Everyone knew going into the 2013 legislative session of the Connecticut General Assembly that the specter of the 2014 race for governor would play a role how certain lawmakers would act. Republicans Senate Minority Leader John McKinney and House Minority Leader Larry Cafero are both possible candidates and of course, Democratic Gov. Dannel Malloy is running for reelection. However, it can be easily argued that Danbury Mayor Mark Boughton was actually the big political winner among those likely to seek the governorship.
Boughton, who will seek his sixth term as Danbury’s mayor this fall, tells The Hanging Shad that Hartford was not the place to be in 2013. “[The session] was more of the same. There was no grand financial plan to right the state’s fiscal ship,” he said.
By not being part of the session, seen by most as a mixed bag of success, gimmicks and status quo, Boughton was free to take care of his city while making more contacts around the state. He has some statewide name recognition having run briefly for governor in 2010 before becoming the Republican nominee for lieutenant governor.
Cafero and McKinney did distinguish themselves by voting for the bills that were the result of the bipartisan legislative task force formed after the Newtown massacre. They bucked the most conservative elements of their party and voted for the measures that addressed gun control, school safety and mental health. But after that it was all downhill.
Cafero’s over-the-top, meant-to-be-clever quips and sound bites fell flat. He also offered no real alternatives to the legislation pushed through by majority Democrats. He spent part of the session sparing with 2010 Republican nominee Tom Foley over ethics.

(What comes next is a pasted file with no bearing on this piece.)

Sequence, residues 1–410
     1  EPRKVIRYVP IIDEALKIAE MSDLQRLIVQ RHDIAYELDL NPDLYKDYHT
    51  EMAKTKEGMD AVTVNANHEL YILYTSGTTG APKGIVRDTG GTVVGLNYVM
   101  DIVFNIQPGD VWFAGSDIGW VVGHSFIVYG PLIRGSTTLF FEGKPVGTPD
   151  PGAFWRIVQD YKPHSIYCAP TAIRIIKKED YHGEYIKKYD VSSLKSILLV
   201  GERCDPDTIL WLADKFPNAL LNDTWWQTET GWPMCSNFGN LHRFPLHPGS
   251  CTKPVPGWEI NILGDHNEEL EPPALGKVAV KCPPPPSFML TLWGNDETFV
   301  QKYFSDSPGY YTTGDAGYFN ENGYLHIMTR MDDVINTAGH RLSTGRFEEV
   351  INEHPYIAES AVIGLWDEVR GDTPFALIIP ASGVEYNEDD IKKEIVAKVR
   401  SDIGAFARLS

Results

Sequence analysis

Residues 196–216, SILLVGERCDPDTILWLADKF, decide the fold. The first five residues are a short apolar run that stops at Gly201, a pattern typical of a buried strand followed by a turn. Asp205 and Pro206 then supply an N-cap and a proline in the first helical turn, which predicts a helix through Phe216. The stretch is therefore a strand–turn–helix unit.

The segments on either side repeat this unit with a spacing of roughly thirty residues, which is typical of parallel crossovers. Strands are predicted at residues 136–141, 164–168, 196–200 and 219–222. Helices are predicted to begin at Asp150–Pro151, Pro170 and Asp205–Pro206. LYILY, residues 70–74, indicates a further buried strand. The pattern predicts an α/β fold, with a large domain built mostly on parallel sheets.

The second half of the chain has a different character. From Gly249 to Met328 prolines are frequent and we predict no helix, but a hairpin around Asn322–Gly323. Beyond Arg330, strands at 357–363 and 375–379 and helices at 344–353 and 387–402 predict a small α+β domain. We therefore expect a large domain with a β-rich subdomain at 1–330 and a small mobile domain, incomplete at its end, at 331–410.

McKinney, clearly the more serious and lawmaker, scored points by calling out Malloy for having People magazine pay for a trip to the White House Correspondences’ Dinner (WHCD) where Malloy rubbed elbows with the beautiful people.
Malloy claimed he was promoting the state. McKinney would have none of that argument, asked the ethics commission to look into it and eventually shamed Malloy into paying for the trip out of his own pocket (a smart political move by Malloy in and of itself as it has not been mentioned since and probably won’t be until McKinney brings it back if he runs). The problem for McKinney is that he wouldn’t let it go and continued to try to keep the issue alive when it was obviously settled for now.
McKinney also impressed by leading the General Assembly on all things Newtown which is in his senate district. He was out in front of the move at the end of the session—backed by the parents—to keep private crime scene photos from Sandy Hook. The resulting compromise was also largely McKinney’s doing.
Former Ambassador to Ireland Tom Foley looked not-ready-for-prime-time as he badly fumbled an attempt to raise questions about conflict-of-interest ethics problems in the General Assembly. At a legislative hearing he testified in favor of a bill that would essentially disqualify a sizable chunk of sitting legislators.
Obviously that didn’t sit well with lawmakers on either side of the aisle. Honking off your own party’s regulars does not exactly make for a clear path to the gubernatorial nomination.
Many, including Boughton, agree with the idea of taking a look at lawmakers’ potential conflicts but certainly not the way Foley did it. “There was no real, solid conversation about ethics,” Boughton said. As a former state representative himself, Boughton has problems with Foley’s approach. “If you’re going to do it, you’ve got to go all in. You can’t simply do this back and forth, ‘Oh, I didn’t mean it’ approach. It was almost like McCarthyism—‘I know there are those with serious conflicts but I’m not going to tell you who they are.’”
Malloy, who Cafero, McKinney and Boughton may seek to challenge, didn’t have a great session either. His budget was balanced with one-shot revenues, more gambling and, let’s say, a “creative” accounting to move to stay under the spending cap.
Boughton certainly sounds like an eventual candidate for governor but says he is concentrating on winning reelection as mayor of Danbury. “It’s going to be a busy summer and there is always the question of, how do you raise the money [for a run for governor]? For now, I’m concentrating on doing my job.”